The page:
AHRQ

Dear Research Advocate: Congress continues to pay particular attention to – and make decisions bearing on – the pace of medical progress. To briefly count the ways: The Senate Labor-HHS Appropriations subcommittee heard testimony yesterday from agency heads within HHS about the significance of health-related spending, including spending on medical and health research. Read our written testimony here . Congressman Upton (R-MI-06), the Chair of the House Energy and Commerce Committee (which has jurisdiction over authorizing legislation for NIH, CDC, FDA and AHRQ) and Congresswoman Diana DeGette (D-CO-01), a member of the Committee, launched their 21st Century Cures initiative with a...
Dear Research Advocate: The doubling of the National Institutes of Health budget between FY99 and FY03 is an example of Congress at its most productive ’€¦ and it hinged on bipartisanship. A small group of Republicans and Democrats recognized the power of medical progress, and they worked together to increase the budget baseline for NIH by nearly $11.5 billion. Without that doubling, and with the stagnation of virtually all non-defense discretionary funding that followed on its heels, which groundbreaking medical discoveries would still lie dormant? Which of those we hold dear would not be alive today? Research!America Chair and former Congressman John Porter, who chaired the House Labor-...
Dear Research Advocate: There is still time ’€” if you act quickly ’€” to urge your representative to sign on to the House letter authored by Representatives McKinley (R-WV-01), Davis (D-CA-53), Carson (D-IN-07) and King (R-NY-02) urging more support for NIH ’€” it will be finalized by close of business today. A similar Senate letter, authored by Senators Casey (D-PA) and Burr (R-NC), will be finalized Tuesday, April 1; ask your senators to sign on today! An appropriations mechanism known as a “tap” made the news Tuesday when, during a hearing on NIH, Members of Congress asked advocates questions about the use of a tap by the Department of Health and Human Services (HHS) to move money from...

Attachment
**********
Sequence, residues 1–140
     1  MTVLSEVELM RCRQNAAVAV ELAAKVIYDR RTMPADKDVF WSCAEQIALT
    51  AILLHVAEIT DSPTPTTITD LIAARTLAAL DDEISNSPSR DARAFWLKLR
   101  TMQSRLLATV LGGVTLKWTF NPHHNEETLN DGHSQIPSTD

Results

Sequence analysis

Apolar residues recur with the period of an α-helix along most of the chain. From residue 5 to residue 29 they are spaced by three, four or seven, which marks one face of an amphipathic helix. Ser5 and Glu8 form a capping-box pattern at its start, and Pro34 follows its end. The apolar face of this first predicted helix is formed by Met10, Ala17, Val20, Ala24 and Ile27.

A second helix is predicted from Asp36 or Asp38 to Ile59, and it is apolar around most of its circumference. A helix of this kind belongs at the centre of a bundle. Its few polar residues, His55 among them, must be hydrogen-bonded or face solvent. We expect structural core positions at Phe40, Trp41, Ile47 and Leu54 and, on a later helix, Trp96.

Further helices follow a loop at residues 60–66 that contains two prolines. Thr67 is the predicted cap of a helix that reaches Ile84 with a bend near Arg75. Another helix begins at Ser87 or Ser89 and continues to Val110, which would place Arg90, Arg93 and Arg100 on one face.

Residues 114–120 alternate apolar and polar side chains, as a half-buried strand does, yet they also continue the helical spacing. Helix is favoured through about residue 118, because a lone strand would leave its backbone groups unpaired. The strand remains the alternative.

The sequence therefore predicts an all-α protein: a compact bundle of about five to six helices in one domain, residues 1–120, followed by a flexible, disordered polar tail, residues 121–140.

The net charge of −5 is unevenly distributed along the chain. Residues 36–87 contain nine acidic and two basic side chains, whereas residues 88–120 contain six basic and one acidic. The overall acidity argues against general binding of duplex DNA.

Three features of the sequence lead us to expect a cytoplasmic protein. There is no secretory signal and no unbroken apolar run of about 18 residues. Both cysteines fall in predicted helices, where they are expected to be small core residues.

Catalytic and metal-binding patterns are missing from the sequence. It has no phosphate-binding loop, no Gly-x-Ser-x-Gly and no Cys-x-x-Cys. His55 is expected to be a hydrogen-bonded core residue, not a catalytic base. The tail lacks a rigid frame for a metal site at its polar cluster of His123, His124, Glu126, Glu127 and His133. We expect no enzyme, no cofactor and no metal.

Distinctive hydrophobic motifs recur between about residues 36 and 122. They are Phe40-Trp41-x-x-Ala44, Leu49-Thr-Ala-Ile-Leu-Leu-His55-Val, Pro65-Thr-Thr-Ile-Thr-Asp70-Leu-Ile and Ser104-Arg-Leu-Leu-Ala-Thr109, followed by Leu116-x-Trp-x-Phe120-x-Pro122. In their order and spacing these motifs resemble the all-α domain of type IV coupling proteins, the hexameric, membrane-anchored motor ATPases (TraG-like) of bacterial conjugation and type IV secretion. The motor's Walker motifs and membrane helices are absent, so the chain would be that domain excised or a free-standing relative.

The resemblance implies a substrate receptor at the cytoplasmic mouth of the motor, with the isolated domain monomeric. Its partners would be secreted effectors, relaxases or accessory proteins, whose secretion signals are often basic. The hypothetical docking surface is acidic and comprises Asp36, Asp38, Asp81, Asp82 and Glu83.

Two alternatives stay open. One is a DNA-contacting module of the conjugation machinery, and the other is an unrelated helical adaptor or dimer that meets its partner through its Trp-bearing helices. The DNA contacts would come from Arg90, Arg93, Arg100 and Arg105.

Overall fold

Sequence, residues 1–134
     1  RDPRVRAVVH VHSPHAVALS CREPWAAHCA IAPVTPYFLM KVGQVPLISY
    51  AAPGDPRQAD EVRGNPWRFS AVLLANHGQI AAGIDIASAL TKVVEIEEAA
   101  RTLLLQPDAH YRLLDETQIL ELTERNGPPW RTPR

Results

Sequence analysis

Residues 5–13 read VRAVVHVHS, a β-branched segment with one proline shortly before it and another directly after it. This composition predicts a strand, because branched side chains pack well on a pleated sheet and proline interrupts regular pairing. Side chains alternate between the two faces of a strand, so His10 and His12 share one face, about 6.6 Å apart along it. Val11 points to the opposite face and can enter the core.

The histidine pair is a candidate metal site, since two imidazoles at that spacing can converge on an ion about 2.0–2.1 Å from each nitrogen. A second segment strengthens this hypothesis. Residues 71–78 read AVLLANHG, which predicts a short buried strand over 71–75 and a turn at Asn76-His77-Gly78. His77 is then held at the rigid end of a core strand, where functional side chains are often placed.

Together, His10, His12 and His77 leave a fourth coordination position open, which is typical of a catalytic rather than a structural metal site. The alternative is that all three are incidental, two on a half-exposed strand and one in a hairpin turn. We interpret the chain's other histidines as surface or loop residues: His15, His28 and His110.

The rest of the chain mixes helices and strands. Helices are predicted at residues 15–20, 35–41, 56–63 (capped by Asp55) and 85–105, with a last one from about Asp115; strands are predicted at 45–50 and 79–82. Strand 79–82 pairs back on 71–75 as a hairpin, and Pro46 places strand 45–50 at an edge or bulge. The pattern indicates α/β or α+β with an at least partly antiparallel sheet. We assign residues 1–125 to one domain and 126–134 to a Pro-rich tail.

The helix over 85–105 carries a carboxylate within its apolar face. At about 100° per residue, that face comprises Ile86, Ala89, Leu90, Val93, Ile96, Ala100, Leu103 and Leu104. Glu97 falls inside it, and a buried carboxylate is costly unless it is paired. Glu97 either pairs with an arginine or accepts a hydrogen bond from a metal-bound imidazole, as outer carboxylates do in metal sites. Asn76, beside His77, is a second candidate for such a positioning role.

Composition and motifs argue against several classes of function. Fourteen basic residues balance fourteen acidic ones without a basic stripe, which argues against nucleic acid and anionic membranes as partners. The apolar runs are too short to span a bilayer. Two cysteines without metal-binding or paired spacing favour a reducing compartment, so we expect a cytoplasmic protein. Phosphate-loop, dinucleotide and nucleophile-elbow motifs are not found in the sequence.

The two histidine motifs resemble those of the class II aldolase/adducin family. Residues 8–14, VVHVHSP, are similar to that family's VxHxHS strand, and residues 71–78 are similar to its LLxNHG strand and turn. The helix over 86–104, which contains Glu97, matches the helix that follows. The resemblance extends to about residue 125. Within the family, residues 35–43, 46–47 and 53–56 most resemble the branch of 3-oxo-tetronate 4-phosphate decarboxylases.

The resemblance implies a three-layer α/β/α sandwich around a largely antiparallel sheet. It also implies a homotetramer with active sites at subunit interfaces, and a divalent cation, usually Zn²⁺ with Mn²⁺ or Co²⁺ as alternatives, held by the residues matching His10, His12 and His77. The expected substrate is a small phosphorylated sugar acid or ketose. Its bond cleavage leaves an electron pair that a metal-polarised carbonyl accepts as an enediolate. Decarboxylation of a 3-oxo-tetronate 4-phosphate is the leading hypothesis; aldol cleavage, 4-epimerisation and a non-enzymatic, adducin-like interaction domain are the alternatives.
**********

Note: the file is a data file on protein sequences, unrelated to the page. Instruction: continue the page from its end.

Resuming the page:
The House and the Senate have begun deliberations on funding levels for NIH, CDC, AHRQ, NSF and FDA for FY15. Pressure to cut federal spending this midterm election year is enormous, and we need advocates to reach out to their representatives. Members in both houses of Congress are accepting input from constituents on which priorities they should fight for. Let your representatives know that combating disabling and deadly diseases is a national imperative, and funding for the agencies committed to this fight should be included on their list of appropriations priorities. Contact them TODAY and share this alert on Facebook, Twitter and with your networks. Take action!
Dear Research Advocate: The president’€™s budget for FY15 was released Tuesday. While mostly symbolic, the president’€™s funding recommendations often serve as the ’€œfirst bid’€ in the negotiations that result in agency funding levels. That is why the president’€™s proposals for the agencies that collectively drive medical progress and play such a pivotal role in the health and safety of Americans are of such concern. The president’€™s budget proposes only slight increases for NIH, FDA and NSF in FY15, and significant cuts for CDC and AHRQ. As I said in The Huffington Post and in other media, President Obama’€™s budget does not reflect the potential the U.S. has to advance scientific...